First of all, being a highly sensitive introvert, I am easily overwhelmed and exhausted by commotion (lights, sounds, smells, movement) and people. This is true even if the commotion source and people are dearly loved. This is exacerbated by my fibromyalgia which also adds in pain and achy-ness when I’m overloaded. This is even further exacerbated by my newfound and still increasing scent/chemical sensitivities which also add dizziness, nausea and headaches (likely a vestibular migraine) to the mix. And if that’s not enough, my current struggles with Lyme and how the treatment demands so much of my body and has me worn just exacerbate all these problems further.

So after a rough week, a full energy-expending day and the scent and sensory overload of Christmas Eve service, going to an allergen-filled home with crowded small rooms with multiple conversations where I’d have to have at least one face mask on and the majority of the (older) folks there wouldn’t be able to hear me speak anyhow, well, this year it wasn’t worth it.

Some years it is.
Some years it is worth facing all that to spend time with family.

But this year with everything going on with my body, it just made sense to stay home.

We all have them.

Big and small.
Less consequential and weighty.
If this, then this…
If this, then not this…
Risk and results…

I am more keenly aware of choices these days and how the littlest ones have more consequences for me in this state.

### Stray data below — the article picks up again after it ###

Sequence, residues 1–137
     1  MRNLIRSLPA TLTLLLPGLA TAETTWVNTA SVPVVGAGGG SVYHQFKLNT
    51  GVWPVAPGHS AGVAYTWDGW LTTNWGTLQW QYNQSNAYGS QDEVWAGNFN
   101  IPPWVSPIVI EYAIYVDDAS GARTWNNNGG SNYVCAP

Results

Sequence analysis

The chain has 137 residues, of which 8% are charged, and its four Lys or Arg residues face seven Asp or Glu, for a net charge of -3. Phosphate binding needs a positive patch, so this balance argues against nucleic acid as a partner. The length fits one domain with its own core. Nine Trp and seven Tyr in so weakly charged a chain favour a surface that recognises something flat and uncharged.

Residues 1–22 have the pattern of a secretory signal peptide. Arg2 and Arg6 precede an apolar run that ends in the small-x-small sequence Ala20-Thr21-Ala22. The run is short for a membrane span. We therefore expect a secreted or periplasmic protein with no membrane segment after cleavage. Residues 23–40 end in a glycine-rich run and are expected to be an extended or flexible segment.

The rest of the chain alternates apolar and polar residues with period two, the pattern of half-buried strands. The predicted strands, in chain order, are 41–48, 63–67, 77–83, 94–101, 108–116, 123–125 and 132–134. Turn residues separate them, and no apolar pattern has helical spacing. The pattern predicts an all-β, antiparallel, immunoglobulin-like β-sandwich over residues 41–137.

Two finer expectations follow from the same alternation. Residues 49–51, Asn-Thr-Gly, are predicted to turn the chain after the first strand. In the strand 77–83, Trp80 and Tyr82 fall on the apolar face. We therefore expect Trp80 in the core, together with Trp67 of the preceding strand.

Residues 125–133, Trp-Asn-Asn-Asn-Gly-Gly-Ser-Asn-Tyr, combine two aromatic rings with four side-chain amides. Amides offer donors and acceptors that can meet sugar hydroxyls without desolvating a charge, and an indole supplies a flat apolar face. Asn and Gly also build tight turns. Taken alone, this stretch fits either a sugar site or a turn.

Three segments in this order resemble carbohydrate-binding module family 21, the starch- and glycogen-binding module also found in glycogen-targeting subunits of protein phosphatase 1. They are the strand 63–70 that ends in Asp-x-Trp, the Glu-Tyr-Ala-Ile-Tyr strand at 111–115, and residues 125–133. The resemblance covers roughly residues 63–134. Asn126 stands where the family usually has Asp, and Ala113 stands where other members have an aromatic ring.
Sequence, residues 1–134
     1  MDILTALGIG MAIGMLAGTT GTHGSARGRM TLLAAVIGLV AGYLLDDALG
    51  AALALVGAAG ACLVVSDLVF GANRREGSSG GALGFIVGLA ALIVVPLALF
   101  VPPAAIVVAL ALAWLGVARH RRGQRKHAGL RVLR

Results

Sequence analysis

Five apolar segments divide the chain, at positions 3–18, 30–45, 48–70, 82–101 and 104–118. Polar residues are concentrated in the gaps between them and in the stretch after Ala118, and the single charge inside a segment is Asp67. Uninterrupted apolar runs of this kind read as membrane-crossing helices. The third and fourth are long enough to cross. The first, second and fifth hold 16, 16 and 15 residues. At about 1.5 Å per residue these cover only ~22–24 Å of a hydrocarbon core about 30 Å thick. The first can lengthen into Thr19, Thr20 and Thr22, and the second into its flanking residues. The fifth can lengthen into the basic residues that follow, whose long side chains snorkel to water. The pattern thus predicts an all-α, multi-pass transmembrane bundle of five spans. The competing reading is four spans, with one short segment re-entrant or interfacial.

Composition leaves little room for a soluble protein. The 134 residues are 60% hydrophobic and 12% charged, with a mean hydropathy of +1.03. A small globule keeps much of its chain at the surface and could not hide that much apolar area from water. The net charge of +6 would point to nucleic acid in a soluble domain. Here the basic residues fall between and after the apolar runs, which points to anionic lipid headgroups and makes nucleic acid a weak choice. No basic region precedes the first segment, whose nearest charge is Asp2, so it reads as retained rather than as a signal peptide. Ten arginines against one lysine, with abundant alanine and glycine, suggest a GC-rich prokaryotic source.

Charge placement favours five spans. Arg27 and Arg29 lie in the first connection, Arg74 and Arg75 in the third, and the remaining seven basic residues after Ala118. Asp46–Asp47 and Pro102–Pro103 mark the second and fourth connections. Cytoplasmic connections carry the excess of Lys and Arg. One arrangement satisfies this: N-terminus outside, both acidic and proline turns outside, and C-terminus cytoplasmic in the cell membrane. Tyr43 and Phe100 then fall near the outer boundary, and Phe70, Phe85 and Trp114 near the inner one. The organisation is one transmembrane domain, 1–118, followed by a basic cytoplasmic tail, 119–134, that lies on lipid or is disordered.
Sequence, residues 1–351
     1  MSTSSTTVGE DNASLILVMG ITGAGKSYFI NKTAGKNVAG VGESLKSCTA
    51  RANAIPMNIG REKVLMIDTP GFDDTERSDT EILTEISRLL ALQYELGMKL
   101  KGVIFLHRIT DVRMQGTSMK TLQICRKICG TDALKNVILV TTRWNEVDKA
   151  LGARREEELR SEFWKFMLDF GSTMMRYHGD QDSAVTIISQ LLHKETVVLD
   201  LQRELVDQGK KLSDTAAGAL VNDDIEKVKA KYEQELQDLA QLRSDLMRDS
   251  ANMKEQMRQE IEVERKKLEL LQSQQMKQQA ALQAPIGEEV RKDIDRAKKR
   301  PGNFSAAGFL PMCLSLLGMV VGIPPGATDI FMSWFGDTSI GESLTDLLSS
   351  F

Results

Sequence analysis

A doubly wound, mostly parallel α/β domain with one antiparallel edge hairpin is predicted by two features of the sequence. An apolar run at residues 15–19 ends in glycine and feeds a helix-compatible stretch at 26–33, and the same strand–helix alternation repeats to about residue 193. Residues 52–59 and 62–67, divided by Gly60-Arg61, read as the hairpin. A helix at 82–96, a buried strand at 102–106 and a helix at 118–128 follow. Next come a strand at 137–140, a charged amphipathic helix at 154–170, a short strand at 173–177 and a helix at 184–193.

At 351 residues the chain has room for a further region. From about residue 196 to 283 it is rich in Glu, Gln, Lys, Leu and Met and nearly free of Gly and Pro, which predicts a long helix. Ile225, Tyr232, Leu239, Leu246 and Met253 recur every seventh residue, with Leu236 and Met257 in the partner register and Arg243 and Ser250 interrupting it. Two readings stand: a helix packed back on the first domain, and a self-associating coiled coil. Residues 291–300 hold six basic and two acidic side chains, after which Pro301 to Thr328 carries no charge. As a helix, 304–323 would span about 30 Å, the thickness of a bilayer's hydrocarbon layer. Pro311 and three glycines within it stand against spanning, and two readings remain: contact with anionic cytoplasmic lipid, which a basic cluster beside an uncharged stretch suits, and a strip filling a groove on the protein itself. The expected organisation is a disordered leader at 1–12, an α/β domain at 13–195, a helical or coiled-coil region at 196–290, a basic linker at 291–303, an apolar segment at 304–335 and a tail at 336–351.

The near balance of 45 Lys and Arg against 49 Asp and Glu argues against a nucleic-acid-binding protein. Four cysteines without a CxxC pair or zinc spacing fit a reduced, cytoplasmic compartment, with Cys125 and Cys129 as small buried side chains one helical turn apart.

The bonus was that staying home allowed me to decompress.

Control of lights.
Control of sounds.

And prepare a little more for Christmas Day.

Stockings were stuffed.

My “mess” in the spare room that my body hadn’t allowed me to get to hitherto was finally cleaned up and the room was cleared to use for our family photos the next night.

Of course, that took longer than I’d hoped and I still got to bed later than I’d wanted.

But having the room for family photos was important to me.


Because Christmas fell on a Sunday this year and there was no desire to miss worship, I rose early on Christmas morning.

The medicine schedule is the same at breakfast as it is at dinner.
Except in the morning it’s somehow easier.
It’s been woven into my routine.

Even when my schedule needs adjusted for off-routine days like Christmas where I put my pjs back on after my shower and save the getting dressed part until after gift opening.

Because my morning routine is…. well, routine enough and timed enough to slot parts of it in amongst my medicines. Stretching. Sinus rinse. Teeth brushing. Preparing breakfast.